A lot of god-mocking from Augustine in this morning’s reading. Since the world of those gods is a foreign world to us, I’m not sure that I want to spend much time there and the quotes aren’t that relevant. I think instead that I’ll talk about the very good activity of mocking gods. Our gods are also too numerous to count and our worship of them is inconsistent and contradictory. We worship our political systems, our guns, our freedoms, sex and our bodies, our lusts, our televisions, our iPhones, technological advances, sports teams, science, food, drink, and on and on. Augustine does go on and on to name dozens of Roman gods. We refuse to name our gods and give them personality but we love to worship them and set them above ourselves and above others. Apparently anything that can be given or received as a gift can be a god. Too easily we turn a good gift into an object of worship. I admire the Romans’ ability to attribute personality to each of their gods – they at least were honest about their worship. We just worship and then pretend that we control our gods. This, I would think, is a better arrangement for the demon gods – they receive worship and go on controlling us while deceiving us into believing that we are in control so that we never address our idolatry.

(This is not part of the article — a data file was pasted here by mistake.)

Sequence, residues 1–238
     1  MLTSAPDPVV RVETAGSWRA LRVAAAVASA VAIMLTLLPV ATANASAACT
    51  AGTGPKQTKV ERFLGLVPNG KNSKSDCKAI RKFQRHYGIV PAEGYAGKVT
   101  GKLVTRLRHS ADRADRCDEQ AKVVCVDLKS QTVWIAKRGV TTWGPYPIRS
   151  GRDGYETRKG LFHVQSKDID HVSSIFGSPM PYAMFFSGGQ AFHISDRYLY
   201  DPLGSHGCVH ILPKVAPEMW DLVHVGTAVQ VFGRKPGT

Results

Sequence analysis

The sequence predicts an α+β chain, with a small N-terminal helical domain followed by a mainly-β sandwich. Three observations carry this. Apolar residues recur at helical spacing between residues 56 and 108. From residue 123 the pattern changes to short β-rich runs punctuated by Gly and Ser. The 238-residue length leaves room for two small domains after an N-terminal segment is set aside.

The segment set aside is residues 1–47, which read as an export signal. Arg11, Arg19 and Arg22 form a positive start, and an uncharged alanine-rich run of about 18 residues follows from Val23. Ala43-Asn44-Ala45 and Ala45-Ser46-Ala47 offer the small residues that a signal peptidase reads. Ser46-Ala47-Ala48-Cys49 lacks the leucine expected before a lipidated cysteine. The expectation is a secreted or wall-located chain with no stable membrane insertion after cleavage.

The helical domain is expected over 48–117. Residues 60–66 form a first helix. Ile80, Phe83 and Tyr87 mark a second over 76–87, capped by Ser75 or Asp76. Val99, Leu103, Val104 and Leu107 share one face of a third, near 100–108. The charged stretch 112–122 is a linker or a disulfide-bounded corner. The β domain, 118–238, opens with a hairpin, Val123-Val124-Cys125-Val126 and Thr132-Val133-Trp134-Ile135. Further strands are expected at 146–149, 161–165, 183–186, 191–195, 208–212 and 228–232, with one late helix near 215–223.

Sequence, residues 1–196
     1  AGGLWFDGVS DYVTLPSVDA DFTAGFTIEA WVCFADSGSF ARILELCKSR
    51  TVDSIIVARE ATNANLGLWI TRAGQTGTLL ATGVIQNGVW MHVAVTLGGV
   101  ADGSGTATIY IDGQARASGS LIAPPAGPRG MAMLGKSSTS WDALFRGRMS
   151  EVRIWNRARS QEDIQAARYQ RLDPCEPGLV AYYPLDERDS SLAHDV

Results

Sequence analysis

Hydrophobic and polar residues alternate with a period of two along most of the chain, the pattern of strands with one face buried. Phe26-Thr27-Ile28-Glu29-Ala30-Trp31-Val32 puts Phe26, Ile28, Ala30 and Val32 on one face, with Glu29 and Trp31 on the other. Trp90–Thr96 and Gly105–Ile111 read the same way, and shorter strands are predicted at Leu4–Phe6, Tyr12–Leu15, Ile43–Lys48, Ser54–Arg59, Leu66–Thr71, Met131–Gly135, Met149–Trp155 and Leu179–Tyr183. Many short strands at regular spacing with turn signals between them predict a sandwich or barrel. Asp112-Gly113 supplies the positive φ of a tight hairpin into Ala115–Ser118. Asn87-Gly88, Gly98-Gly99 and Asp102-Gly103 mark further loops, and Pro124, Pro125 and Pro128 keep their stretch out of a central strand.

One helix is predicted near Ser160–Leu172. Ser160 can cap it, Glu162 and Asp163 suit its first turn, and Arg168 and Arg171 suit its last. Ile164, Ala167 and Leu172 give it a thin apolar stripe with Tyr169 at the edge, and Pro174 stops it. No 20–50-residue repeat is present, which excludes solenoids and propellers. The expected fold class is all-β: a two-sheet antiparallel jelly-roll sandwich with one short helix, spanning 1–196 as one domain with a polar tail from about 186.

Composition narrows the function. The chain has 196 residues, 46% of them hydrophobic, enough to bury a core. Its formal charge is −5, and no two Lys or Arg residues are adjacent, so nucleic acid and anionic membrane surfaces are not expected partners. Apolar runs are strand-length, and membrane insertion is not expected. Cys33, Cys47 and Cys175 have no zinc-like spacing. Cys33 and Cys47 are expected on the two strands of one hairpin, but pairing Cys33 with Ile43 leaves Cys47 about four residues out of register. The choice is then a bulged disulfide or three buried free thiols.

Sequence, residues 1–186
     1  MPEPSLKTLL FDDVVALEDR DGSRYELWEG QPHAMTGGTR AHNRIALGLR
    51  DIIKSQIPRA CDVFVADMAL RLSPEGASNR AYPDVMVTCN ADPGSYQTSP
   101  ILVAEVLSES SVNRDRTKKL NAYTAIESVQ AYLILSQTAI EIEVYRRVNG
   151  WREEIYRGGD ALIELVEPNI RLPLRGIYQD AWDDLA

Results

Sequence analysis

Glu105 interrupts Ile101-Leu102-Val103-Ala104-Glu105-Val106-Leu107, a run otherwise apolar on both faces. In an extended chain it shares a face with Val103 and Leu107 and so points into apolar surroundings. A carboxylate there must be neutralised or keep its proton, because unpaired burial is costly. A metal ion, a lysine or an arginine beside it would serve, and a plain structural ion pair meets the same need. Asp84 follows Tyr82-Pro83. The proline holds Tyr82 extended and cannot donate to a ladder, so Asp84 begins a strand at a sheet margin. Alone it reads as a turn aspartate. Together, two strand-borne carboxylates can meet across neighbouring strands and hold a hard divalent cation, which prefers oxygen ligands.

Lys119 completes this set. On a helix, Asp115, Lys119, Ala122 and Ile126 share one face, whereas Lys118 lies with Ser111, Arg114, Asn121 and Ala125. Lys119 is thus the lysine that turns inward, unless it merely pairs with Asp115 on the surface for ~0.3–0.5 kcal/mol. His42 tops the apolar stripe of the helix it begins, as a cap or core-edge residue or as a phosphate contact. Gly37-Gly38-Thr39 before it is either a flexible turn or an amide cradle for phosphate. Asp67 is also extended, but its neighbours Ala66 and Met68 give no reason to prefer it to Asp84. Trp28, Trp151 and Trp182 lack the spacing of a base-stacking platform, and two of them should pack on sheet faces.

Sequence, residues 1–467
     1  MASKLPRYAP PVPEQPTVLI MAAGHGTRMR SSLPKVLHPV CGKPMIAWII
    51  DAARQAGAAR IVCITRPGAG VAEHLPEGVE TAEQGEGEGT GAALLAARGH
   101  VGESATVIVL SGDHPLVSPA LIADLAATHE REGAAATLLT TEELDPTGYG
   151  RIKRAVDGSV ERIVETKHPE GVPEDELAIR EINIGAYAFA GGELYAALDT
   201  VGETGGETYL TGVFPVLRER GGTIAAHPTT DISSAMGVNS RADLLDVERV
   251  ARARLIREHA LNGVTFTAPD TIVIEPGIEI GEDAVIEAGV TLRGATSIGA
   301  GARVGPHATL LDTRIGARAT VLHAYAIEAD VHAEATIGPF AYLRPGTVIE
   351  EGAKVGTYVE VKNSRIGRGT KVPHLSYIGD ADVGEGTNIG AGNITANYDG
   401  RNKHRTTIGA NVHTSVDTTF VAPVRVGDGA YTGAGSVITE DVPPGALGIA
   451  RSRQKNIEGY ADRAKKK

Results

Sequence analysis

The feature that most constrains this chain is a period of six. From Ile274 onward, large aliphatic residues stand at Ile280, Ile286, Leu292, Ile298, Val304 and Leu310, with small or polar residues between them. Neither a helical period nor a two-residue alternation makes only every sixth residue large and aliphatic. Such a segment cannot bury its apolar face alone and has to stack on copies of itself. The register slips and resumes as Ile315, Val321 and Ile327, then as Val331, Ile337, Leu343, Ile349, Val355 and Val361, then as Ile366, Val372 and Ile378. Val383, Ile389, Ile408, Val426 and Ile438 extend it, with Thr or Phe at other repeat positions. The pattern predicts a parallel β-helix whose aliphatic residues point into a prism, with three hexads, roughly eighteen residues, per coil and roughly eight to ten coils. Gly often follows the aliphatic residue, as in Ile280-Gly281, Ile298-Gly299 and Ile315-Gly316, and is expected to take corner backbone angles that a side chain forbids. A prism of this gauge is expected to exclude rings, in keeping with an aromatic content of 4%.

So, mockery. One way to point out and deal with the gods that we refuse to name as gods. Politisto-crat-aos – the god of the political order, whose priests are led into immorality and chaos and who want to drag us all down with them. Cap-destructo-hand-ismo – the god of the free market, whose “creative” destruction destroys all that is good and hopes that someone else can build something to appease the masses. Speaking of masses, many worship Mass-ass-rifleutio (Mass-Ass for short) – “you’ll have to pry my semi-automatic assault rifle out of my cold, dead hands!” Yes, and they will be cold and they will be dead, later if not sooner. My names aren’t exactly inspired, but you get the point. The reality is that we worship and don’t see it as worship. Horrifying.

Blessings,

Josh

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